Mayor Bill de Blasio is certainly leaving his mark as he packs up Gracie Mansion. Beginning just after Christmas, anyone who wants to collect a paycheck in New York City will have to be vaccinated.
"We just talked about an attack on democracy, well, we are under attack in a different way right now from the coronavirus," de Blasio told MSNBC's "Morning Joe" program Monday morning, according to a transcript provided by his office. "And we've got omicron as a new factor. We've got the colder weather, which is going to really create additional challenges with the delta variant. We've got holiday gatherings.
"We in New York City have decided to use a pre-emptive strike to really do something bold to stop the further growth of COVID and the dangers it's causing to all of us."
de Blasio already requires anyone who works in the public sector to be vaccinated, but extending that to the private sector is something that has not been done anywhere else in the country, the mayor said. The omicron variant has reached New York City, but is a fraction of the current cases.
While early data suggests omicron is highly transmissible — and could likely compete with delta — that same data suggests the variant does not create more severe illness, Dr. Anthony Fauci told CNN on Sunday.
"But we really got to be careful before we make any determinations that it is less severe or really doesn't cause any severe illness comparable to delta," said Fauci, who heads the National Institute of Allergy and Infectious Diseases. "But thus far, the signals are a bit encouraging regarding the severity. But again, you got to hold judgment until we get more experience."
de Blasio is set to implement a mandate on a city that has some of the lowest infection rates in the state — if not the country — and in which a vast majority of its population already is fully vaccinated. Nearly 7.3 million people have at least one vaccine dose, while 6.4 million of them have a completed vaccination series, according to Gov. Kathy Hochul's office.
That represents 77 percent of the total population — including children — who are now fully vaccinated in the city.
de Blasio's office says as many as 89 percent of adults in the city have received at least one vaccine dose, while more than 125,000 children between 5 and 11 already have at least started vaccination.
Infection rates have climbed slightly in the city to just above 2 percent positivity. But that's half of the state's next best numbers in the Mid-Hudson region, which includes Westchester and surrounding counties. Long Island is now at a nearly 6 percent positivity rate while Western New York and the Finger Lakes regions are above or near 11 percent.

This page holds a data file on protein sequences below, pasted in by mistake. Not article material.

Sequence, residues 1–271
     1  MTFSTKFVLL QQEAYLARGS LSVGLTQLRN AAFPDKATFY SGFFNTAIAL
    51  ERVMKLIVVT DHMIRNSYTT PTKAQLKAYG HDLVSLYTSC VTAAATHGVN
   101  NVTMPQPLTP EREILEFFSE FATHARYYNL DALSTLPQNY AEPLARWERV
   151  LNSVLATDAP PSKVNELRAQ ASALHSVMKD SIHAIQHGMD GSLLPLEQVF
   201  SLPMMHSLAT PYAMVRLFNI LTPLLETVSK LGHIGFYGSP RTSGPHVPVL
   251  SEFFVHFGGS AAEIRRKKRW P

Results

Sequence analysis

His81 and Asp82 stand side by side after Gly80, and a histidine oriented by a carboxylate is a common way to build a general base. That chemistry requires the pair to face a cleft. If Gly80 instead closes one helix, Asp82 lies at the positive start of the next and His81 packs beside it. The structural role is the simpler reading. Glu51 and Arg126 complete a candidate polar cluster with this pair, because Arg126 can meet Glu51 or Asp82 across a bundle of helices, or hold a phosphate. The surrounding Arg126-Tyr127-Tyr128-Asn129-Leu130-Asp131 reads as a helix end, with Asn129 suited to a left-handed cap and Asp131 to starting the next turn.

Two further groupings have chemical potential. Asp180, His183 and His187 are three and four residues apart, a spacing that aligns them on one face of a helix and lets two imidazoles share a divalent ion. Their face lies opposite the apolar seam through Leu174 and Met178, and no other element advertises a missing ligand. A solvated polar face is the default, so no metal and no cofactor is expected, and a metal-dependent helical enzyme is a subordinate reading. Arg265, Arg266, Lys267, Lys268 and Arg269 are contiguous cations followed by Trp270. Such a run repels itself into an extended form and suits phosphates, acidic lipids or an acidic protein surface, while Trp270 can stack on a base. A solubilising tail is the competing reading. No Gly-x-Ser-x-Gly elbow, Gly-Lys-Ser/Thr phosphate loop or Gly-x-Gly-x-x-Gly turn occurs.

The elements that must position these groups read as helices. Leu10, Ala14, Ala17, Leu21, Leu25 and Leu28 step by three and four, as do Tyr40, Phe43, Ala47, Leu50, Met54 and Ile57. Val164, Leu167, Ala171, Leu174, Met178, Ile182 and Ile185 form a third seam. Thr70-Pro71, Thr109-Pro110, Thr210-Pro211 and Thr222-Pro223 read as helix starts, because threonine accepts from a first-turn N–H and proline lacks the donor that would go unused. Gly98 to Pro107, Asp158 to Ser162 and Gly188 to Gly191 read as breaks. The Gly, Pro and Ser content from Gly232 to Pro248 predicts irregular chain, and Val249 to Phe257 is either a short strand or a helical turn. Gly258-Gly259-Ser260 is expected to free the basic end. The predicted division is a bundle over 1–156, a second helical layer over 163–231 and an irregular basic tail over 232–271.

Staten Island continues to drive most of New York City's numbers with a positivity rate of 3.7 percent, according to the governor's office. The Bronx is at 2.2 percent, behind Manhattan's 1.6 percent and Brooklyn's 2 percent. Queens is just under 3 percent.
On a statewide level, 81 percent of adults are fully vaccinated, according to numbers provided to the Centers for Disease Control and Prevention, while more than 91 percent have received at least one dose.
de Blasio's new mandate also requires children between 5 and 11 to show proof of at least one vaccination dose before visiting indoor dining, fitness, entertainment and performance venues beginning Dec. 14, according to his office. That increases to two doses for anyone 12 and older beginning Dec. 27 — except for those taking the single-shot Johnson & Johnson vaccine.
Children between 5 and 11 also will be required to get vaccinated before participating in what the city deems to be "high-risk" activities like sports, band, orchestra and dance. Any child looking to do any of that would need at least one dose of a vaccine by Dec. 15.
de Blasio told "Morning Joe" cohost Mika Brzezinski there has already been significant cooperation in the private job sector in terms of vaccination, and he hopes this new mandate will just be an extension of that.
"This would be my advice to mayors, governors, CEOs all over the country — use these vaccine mandates," de Blasio said. "The more universal they are, the more likely employees will say, 'OK. It's time. I'm going to do this.' Because you can't jump from one industry to another, or one company to another. It's something that needs to be universal to protect all of us."